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art by Favianna Rodriguez

Art by Favianna Rodriguez

“ You cannot uneducate the person who has learned to read. You cannot humiliate the person who feels pride. You cannot oppress the people who are not afraid anymore. ” – César Chávez, UFW

National Latino Civil Rights Group Celebrates more than 800,000 New Driver's License Applications and 605,000 New Licenses for Undocumented Immigrants   

Statewide coalition of advocates and service providers move forward the successful implementation of AB 60, now push for 1 million new drivers in 2016

Jan. 20, 2016

Contacts: 
Matt Nelson, matt@presente.org, 414-721-6630
Sue McAllister, sjmcallister@siliconvalleycf.org, 650-450-5513
 
San Francisco, CA— January marks the one-year anniversary of AB 60, a law that gave thousands of California immigrants the ability to drive safely and legally, without having to worry about being deported because of a traffic violation. 

“Driving your kids to school shouldn’t come with the risk of deportation. AB 60 is a proactive approach to increasing safety, access and mobility to Californians who need it most. This is good for immigrants, families, and our state’s economy. The work to pass and implement AB 60 shows what can happen when advocacy, service, faith, and immigrant rights’ groups work together with immigrants and their families to fight for change, equity and fairness,” said Navin Moul, program officer at Silicon Valley Community Foundation.
 
The reach and impact of AB 60 grows each day, as more and more immigrants apply for and earn licenses. In December alone, 31,000 AB 60 driver’s licenses were issued with thousands more applications in the queue. Advocates anticipate reaching 1 million licenses by the end of 2016. 
 
“Thanks to this new law I was finally able to obtain my driver’s license. Now my wife and I can drive our son to daycare without risking getting in trouble in front of him,” said an AB60 recipient. Hundreds of AB 60 applicants and license holders have described the license as being vital to their family’s well-being, their sense of belonging to our community and to our economy. The Drive CA coalition has highlighted more stories to encourage other eligible drivers to participate in the program. View more AB 60 stories here: http://driveca.org/stories/.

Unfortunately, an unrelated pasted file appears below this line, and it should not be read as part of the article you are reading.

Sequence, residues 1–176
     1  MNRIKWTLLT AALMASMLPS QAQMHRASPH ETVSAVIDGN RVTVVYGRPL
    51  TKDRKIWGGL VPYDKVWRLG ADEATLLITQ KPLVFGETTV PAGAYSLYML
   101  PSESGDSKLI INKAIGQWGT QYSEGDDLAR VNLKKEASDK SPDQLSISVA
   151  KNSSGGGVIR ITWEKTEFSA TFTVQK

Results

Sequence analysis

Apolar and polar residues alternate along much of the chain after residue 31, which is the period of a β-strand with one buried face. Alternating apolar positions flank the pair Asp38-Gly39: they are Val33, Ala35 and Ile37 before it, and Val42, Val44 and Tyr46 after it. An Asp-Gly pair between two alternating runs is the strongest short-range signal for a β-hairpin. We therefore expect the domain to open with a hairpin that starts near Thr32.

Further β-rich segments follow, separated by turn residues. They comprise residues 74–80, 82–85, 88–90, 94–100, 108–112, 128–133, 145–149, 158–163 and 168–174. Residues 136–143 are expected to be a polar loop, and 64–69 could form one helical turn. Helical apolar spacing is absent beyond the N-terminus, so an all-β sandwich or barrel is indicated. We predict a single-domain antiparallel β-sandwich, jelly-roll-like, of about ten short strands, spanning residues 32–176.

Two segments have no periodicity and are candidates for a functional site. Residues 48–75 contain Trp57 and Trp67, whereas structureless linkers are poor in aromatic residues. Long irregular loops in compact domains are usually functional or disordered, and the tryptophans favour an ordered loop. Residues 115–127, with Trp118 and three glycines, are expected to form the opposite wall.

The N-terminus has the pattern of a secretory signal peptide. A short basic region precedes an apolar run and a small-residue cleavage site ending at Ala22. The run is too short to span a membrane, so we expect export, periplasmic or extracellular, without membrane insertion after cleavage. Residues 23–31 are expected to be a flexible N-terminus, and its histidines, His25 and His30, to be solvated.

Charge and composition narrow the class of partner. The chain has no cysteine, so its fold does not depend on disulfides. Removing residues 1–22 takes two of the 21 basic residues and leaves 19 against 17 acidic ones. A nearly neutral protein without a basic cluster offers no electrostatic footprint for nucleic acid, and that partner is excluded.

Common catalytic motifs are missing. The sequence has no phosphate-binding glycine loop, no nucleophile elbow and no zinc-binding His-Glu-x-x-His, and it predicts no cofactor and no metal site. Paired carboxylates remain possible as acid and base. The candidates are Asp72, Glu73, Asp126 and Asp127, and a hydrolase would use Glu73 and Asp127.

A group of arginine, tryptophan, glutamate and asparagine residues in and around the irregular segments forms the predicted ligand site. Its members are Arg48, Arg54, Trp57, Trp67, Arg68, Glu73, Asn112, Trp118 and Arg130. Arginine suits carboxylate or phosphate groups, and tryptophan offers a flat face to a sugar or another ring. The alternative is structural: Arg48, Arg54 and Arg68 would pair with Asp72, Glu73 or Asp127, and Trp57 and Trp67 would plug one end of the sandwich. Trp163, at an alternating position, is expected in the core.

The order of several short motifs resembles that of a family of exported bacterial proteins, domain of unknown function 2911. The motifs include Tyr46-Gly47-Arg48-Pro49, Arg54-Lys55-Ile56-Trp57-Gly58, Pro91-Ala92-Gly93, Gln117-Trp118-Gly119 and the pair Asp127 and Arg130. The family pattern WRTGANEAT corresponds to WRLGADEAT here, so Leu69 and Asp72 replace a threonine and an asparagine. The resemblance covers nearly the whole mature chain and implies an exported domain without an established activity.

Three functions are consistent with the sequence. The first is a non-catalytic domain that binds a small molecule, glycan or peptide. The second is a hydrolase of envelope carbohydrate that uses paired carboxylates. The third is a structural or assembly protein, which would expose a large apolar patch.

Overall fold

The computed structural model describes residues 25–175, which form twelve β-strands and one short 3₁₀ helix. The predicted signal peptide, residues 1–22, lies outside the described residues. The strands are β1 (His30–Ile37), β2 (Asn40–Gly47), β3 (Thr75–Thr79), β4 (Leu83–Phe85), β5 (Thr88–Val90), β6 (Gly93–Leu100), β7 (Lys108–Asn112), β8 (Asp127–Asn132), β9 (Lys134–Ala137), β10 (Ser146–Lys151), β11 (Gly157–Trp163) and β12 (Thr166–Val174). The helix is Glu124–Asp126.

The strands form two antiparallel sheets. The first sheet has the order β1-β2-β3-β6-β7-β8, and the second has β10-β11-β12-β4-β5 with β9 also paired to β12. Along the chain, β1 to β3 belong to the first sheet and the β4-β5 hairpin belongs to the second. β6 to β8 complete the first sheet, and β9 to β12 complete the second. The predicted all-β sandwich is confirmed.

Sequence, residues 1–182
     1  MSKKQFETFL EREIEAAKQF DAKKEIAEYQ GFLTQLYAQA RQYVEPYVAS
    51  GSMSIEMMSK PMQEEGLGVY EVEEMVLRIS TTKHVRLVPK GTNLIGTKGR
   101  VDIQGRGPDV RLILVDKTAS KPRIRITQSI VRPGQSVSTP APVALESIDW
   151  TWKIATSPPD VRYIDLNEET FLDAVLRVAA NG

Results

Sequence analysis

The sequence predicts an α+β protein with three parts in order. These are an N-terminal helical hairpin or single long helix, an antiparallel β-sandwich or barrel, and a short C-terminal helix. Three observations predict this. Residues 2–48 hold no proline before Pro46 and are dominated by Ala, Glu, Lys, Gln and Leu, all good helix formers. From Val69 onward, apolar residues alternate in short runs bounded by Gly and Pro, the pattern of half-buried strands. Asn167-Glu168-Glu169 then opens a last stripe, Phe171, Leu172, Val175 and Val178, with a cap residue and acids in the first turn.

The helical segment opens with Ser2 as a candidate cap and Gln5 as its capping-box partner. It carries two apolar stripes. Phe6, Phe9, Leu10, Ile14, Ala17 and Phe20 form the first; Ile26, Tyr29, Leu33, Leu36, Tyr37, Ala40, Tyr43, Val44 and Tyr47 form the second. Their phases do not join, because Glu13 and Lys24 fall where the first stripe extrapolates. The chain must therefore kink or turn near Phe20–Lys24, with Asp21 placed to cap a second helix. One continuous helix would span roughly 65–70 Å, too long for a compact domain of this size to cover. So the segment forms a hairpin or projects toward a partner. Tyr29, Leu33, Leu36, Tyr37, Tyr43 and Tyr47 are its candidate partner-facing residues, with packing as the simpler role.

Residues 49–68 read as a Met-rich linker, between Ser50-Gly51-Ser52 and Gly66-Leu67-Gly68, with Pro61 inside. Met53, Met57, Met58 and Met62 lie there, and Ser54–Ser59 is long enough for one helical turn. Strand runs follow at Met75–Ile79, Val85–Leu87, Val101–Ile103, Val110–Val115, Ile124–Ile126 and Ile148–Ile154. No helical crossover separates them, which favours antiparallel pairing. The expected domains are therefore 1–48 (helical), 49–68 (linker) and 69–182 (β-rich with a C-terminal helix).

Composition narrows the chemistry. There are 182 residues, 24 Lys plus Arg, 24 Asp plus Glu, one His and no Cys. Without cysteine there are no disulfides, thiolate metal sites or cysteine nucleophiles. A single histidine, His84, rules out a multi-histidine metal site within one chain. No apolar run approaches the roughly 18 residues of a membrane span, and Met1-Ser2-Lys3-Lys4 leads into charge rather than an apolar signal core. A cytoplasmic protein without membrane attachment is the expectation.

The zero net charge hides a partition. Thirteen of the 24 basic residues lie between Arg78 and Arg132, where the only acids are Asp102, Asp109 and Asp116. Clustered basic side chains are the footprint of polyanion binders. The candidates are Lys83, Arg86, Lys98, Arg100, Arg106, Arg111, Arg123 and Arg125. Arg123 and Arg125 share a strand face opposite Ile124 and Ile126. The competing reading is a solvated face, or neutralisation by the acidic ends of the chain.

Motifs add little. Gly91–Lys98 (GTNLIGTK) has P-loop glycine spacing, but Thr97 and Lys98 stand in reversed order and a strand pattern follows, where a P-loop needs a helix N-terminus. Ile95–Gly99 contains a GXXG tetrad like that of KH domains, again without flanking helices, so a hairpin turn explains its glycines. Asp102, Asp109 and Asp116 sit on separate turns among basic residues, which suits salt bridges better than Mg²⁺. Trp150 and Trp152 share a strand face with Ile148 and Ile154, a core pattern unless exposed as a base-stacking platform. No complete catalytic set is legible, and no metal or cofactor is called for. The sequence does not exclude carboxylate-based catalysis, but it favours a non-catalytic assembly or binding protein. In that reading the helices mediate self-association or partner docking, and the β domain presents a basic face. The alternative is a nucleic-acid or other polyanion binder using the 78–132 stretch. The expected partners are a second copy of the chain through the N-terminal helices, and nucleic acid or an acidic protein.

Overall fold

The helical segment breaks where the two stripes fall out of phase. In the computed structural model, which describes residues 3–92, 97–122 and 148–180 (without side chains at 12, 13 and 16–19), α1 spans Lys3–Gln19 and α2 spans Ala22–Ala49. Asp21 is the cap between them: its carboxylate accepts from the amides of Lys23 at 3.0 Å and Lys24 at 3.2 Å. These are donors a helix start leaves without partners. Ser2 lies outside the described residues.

In 2013, AB 60 (the Safe and Responsible Driver's Act) was signed and later became implemented in 2015. AB 60 was the result of decades of organizing by immigrants and their allies to restore access to driver’s licenses for all Californians. Under this groundbreaking legislation, up to 1.4 million Californians are expected to apply over the next three years and become licensed, tested, and insured drivers – to the benefit of all Californians.
 
“Access to a safe, legal pathway to driving is a way out of poverty and high-risk situations for many low-income immigrant families. While we still have more work to do, as there are continued barriers to getting driver’s licenses, the tremendous progress we’ve made this year is a huge step forward in the fight for dignity and self-empowerment for immigrants across California,” explained Matt Nelson, Managing Director of the national Latino rights organization, Presente.org.   
 
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Presente.org is the nation’s largest online Latino organizing group; advancing social justice with technology, media, and culture.

Silicon Valley Community Foundation has long invested in AB60 efforts and currently supports nearly 20 legal service organizations that help immigrants with their legal needs in both Santa Clara and San Mateo Counties.